Martial Arts Equipment Manufacturer Moving to Milwaukee
Plus: A recap of the week's real estate news.
Martial arts equipment manufacturer Combat Corner is relocating from Menomonee Falls to the northwest side of Milwaukee.
“People who are local, we’d like them to apply,” said founder Dan LaSavage in an interview with Sean Ryan at the Milwaukee Business Journal. “A city can’t survive on only one type of employment, especially if it’s only service-based jobs.”
LaSavage, a former mixed martial arts (MMA) fighter, launched the company in West Allis in 2007 before moving it to Menomonee Falls. It sells a variety of martial arts equipment, including gloves, punching bags and apparel, to fighters and gyms.
The one-story building is currently divided into 17,000 square feet of space for manufacturing, 6,000 square feet for office use and 4,000 square feet for assembly.
City assessment records indicate it was constructed in 1971. The 1.74-acre property was last sold in 2009 to TJW Properties for $505,000. It was last home to Ted John Weller‘s National Machine Specialties and Flex Automation firms, the latter specializing in used robot repair and sales. Weller announced a plan to relocate the businesses in 2013.
County May Stay in Coggs Building
In May, the county’s facilities management division delivered a report to the Board of Supervisors explaining that years of deferred maintenance had left the Coggs building, 1220 W. Vliet St., in such a state of disrepair that the most financially prudent course of action would likely be to sell the building within the next few years.
This study into the future of the Coggs building was happening in the background of a much larger shakeup occurring within county government. That is, the relocation of DHHS staff after the county leaves the Mental Health Complex at the Milwaukee Regional Medical Center in Wauwatosa.
THIRTEEN31 Rises On W. National Ave.
The four-story building will include 89 apartments, 74 of which will be set aside at below-market rates for those making less than 60% of the area’s median income.
15-Story Mass Timber Tower for Riverfront
The structure would be built from mass timber, an engineered product made by combining layers of lumber into a stronger material. It would be the third mass timber building in the city, joining the low-rise Timber Lofts in Walker’s Point and Ascent, a 25-story luxury apartment tower under construction in East Town that will be the tallest mass timber building in the world when completed. The emerging technology is lighter than concrete, faster to assemble and fire resistant. The exposed wood structure is anticipated to command a price premium when marketing the apartments for rent.
The Neutral Project is the sustainability-focused real estate firm behind the project. The company would purchase and demolish the one-story Rojahn & Malaney Company floral warehouse at 1005 N. Edison St. creating a 0.6-acre development site. The florist listed the site for sale starting in 2016.
Boat House Seeks to Demolish Its Lighthouse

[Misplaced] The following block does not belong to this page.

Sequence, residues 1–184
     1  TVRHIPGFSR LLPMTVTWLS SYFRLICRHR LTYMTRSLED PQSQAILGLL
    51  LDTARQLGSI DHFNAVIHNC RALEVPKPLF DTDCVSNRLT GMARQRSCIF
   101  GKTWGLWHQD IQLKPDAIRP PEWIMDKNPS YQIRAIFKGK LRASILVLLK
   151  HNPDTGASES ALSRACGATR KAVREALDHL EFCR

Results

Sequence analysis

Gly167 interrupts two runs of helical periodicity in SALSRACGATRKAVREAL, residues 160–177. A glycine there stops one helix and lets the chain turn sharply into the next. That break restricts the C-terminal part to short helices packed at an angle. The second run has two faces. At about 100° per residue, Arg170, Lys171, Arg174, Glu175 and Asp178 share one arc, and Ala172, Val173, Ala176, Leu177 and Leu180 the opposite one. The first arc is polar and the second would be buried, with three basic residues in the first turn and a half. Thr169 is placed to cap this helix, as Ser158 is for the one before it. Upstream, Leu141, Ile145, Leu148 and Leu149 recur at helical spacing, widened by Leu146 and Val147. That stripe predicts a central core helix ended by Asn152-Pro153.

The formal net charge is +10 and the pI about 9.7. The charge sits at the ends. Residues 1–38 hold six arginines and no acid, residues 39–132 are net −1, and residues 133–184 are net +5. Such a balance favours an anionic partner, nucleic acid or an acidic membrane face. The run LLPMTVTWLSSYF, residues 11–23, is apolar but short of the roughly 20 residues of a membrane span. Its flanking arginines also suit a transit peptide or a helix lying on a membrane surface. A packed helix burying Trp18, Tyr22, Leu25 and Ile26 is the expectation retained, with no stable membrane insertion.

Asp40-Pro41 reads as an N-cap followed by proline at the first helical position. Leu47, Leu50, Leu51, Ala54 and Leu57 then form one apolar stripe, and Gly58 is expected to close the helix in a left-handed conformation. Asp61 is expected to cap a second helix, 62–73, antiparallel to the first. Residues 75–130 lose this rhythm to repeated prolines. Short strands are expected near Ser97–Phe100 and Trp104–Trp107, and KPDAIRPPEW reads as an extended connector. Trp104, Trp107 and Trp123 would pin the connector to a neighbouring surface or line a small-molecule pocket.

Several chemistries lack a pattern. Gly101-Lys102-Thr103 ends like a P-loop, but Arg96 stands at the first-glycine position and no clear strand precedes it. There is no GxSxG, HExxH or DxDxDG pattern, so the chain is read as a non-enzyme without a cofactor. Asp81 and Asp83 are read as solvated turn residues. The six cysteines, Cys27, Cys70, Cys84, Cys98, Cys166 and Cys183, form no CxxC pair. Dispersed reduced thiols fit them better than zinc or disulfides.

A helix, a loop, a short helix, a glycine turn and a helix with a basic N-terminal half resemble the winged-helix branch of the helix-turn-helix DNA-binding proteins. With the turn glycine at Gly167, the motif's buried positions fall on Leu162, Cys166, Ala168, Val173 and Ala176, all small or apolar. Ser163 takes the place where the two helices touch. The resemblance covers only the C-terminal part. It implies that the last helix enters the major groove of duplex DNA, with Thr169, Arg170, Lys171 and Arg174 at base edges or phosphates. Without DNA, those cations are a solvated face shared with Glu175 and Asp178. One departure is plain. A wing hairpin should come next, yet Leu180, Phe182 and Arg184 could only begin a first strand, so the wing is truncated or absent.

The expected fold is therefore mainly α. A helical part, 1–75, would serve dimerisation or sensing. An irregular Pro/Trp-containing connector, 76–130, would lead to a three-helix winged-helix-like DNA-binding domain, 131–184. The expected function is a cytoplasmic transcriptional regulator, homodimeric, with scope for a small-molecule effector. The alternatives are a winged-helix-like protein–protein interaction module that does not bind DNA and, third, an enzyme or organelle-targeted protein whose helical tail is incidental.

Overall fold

An iconic Milwaukee home could soon look a little bit different.
Steve Tilton, owner of “the Boat House,” applied to demolish the adjacent lighthouse because of its deteriorating condition.
“I would like to dismantle and remove the lighthouse structure which is dangerously leaning towards the boat house,” wrote Tilton in a handwritten letter to the Historic Preservation Commission. He underlined the word “immediately” in explaining the urgency of his issue. The 20-foot-tall lighthouse is currently surrounded by scaffolding and caution tape.
Inside the World’s Tallest Mass Timber Building
The construction of Ascent, a 25-story apartment tower, looks like no other project in the city.
Led by general contractor CD Smith, construction workers are linking large pieces of lumber together like they’re building a LEGO toy.
A just-in-time supply chain delivers truckloads of mass timber, an engineered product made by combining layers of lumber into a stronger material, to the site at 700 E. Kilbourn Ave.
Two Affordable Housing Projects Vie For Federal Funds
The developers behind two proposed Milwaukee apartment buildings are part of a group of seven Wisconsin affordable housing developers seeking federal funding to close a financing gap in their projects.
Wisconsin developers submitted $5.81 million in financing requests to the National Housing Trust Fund for its annual funding round. But the program, administered at the state level by the Wisconsin Housing and Economic Development Authority, has only $1.3 million to allocate.
“We’ve not seen this level of demand in past rounds,” said WHEDA CEO Joaquín Altoro in a statement announcing the applicants.
The funds support the creation of new, affordable housing units for individuals with very low incomes (below 30% of the area median income). They are often used by developers that serve individuals with special needs, which is the case for both Milwaukee projects.
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